China Mieville. His name on the program was the reason I had initially decided to attend World Fantasy. Then his name disappeared from the program. Had it all been a cruelly realistic dream? A dream that had resulted in tickets purchased and charges to my credit card? At the airport at 5 am I scrolled through the convention website and found the communique explaining his sudden absence (which actually explained nothing at all, where were you China?!?). Which was also when I found out that Neil Gaiman would be replacing him as Master of Ceremonies. Huh. Now there is a substitution I can live with.
Every morning I walked past the ruin pictured above on the walk betwenn my sleeping hotel and the con hotel. It made me think of China—it would fit right in on Armada, give or take 500 other skeletal vessels lashed to its sides. If you haven’t read it yet, I really can’t recommend Perdido Street Station enough (or The Scar, which is what this ruin made me think of). Neil Gaiman was probably the only author that could have softened the blow of his absence.
I fell in love with Gaiman’s work when I fell in love with Neverwhere, a book about an alternative world in underground London, given to me just after my first trip to the city in 2005. I read Sandman as part of a class on Literature of the Fantastic during college. And I’ve read everything else he’s written (excluding the comics and his first book, which was a biography of Duran Duran that apparently sells for 10,000 pounds these days). American Gods and The Graveyard Book eventually vied with Neverwhere as my favorite. The Ocean at the End of the Lane was the scariest book I read this year. His worlds and his words are dark and magical and enthralling. Not to mention that he is a charming, well-spoken human who is married to the force that is Amanda Palmer. He’s become a cult-figure in his own right, and now I was—surprise! wohoo!—going to get to see him speak, was going to run straight into him coming out of the door of the hotel one evening, was going to get used to just seeing around. And the people rejoiced.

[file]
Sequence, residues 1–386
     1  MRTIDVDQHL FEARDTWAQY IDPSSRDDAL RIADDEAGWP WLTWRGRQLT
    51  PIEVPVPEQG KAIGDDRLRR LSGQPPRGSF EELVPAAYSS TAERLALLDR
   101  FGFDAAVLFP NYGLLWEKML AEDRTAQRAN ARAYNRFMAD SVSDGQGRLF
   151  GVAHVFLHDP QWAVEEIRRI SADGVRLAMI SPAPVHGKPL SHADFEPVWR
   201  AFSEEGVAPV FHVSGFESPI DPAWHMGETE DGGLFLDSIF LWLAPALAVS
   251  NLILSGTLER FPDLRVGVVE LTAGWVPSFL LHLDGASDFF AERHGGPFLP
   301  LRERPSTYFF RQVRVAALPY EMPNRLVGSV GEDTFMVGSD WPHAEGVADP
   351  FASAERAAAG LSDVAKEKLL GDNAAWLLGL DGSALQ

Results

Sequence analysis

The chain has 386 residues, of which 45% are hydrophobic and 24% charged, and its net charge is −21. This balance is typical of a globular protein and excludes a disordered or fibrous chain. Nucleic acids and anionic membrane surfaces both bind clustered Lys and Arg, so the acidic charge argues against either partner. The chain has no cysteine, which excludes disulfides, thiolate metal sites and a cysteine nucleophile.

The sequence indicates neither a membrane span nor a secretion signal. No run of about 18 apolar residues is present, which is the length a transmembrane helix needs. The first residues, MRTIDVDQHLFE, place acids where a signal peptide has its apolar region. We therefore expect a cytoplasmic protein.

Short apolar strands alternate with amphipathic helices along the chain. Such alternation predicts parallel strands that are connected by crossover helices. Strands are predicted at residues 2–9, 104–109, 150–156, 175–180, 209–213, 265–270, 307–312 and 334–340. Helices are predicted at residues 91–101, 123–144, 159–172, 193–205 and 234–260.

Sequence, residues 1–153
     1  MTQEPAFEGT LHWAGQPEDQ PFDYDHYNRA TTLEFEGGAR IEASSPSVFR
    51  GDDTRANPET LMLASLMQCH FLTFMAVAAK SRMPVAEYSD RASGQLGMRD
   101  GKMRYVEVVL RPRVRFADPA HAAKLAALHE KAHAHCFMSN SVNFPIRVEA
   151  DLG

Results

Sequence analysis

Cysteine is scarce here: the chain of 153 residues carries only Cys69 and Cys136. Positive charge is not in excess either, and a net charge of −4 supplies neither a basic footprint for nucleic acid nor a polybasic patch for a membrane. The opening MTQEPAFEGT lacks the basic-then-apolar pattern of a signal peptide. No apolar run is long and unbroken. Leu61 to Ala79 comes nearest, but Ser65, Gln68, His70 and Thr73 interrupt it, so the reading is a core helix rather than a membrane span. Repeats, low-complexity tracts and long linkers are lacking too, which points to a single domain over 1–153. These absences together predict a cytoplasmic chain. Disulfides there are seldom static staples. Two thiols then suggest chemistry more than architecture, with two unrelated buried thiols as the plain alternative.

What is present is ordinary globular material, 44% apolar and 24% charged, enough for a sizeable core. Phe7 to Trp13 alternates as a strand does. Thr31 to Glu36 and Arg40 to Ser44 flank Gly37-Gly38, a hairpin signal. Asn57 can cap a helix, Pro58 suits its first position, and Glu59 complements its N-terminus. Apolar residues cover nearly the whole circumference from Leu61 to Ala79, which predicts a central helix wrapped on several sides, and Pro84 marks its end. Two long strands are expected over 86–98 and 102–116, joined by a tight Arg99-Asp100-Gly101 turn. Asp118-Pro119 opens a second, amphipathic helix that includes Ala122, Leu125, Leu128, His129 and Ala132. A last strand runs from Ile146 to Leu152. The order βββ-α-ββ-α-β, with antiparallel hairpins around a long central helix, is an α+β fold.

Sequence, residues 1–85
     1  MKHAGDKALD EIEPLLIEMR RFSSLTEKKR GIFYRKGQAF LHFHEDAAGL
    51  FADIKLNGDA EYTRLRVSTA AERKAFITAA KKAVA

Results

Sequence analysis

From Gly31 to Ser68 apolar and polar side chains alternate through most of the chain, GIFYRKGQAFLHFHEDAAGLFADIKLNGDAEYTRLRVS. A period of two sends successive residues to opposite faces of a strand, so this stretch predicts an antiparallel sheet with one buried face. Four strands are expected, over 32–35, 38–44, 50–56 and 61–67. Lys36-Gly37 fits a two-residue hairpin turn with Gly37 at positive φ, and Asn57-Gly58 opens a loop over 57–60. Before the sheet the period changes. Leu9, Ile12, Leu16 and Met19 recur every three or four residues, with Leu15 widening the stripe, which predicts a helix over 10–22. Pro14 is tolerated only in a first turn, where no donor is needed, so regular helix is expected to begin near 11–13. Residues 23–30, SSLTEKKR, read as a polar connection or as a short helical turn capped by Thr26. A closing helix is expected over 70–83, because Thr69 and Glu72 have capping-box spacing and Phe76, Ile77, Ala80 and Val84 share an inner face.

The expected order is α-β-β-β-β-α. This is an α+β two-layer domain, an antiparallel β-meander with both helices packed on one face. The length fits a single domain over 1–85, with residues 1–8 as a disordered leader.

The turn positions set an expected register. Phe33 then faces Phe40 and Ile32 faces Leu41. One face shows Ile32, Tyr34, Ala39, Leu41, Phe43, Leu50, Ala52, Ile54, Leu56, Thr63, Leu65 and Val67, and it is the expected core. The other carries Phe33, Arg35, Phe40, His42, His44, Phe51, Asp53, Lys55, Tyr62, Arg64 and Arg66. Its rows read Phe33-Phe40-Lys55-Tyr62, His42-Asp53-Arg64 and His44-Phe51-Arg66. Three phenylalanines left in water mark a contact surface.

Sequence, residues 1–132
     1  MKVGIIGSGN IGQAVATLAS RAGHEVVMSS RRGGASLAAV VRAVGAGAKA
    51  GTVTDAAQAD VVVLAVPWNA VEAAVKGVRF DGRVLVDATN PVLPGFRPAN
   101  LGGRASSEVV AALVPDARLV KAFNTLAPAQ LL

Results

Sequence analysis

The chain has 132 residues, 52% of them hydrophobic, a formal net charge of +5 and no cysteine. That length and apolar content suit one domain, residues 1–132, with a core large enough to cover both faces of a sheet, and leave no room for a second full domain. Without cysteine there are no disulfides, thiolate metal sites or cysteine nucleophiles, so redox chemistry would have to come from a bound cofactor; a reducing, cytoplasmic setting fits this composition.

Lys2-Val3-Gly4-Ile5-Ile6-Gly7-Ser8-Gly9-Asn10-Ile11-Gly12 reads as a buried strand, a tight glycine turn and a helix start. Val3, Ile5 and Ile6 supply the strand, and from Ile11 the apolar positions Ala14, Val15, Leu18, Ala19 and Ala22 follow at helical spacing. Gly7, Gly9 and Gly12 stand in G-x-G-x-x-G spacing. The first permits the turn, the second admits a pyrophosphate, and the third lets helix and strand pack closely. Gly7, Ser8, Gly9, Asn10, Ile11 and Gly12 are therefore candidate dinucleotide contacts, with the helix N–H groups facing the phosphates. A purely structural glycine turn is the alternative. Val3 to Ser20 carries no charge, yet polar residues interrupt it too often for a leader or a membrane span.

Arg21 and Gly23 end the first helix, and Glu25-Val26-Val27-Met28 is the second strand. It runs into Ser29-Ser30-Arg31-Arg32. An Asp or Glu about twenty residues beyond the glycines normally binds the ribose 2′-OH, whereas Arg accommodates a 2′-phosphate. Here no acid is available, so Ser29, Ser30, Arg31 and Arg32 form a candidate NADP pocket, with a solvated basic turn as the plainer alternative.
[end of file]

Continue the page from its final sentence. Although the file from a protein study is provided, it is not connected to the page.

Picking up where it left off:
I arrived at the convention hotel early on Friday morning, prodded out of bed by my own excitment, jittery with coffee from the all-you-can-eat English breakfast that would become my daily morning routine. I hadn’t planned on attending the Joanne Harris interview, but I was glad I did. She’s written a lot more than Chocolat, you know (don’t worry, I didn’t). She was a joy to listen to, and attending her panel meant that I had secured a front-row seat for the conversation between Neil Gaiman and Jo Fletcher which would follow. Not that I needed to fight the crowds; apparently the changes to the program had gone unnoticed or (and!) the hour was still too early—the room was barely a quarter full.
I didn’t take many notes during their talk—it was more fun to sit back and absorb every word—except for one quote. “You can just do so much if you don’t know the rules.” (Amen.) They chatted—old friends—about the start of Gaiman’s career, about the last time they had attended a World Con in this very same hotel, about making sure you at least make your hotel bed look sleeped in so that the management don’t sell your room to someone else. I’m hard pressed to imagine what could make a day better than seeing Neil Gaiman and Joanne Harris speak (Jo Fletcher is a publisher and is quite interesting as well, though I hadn’t known anything about her at the time), and yet that was only the beginning.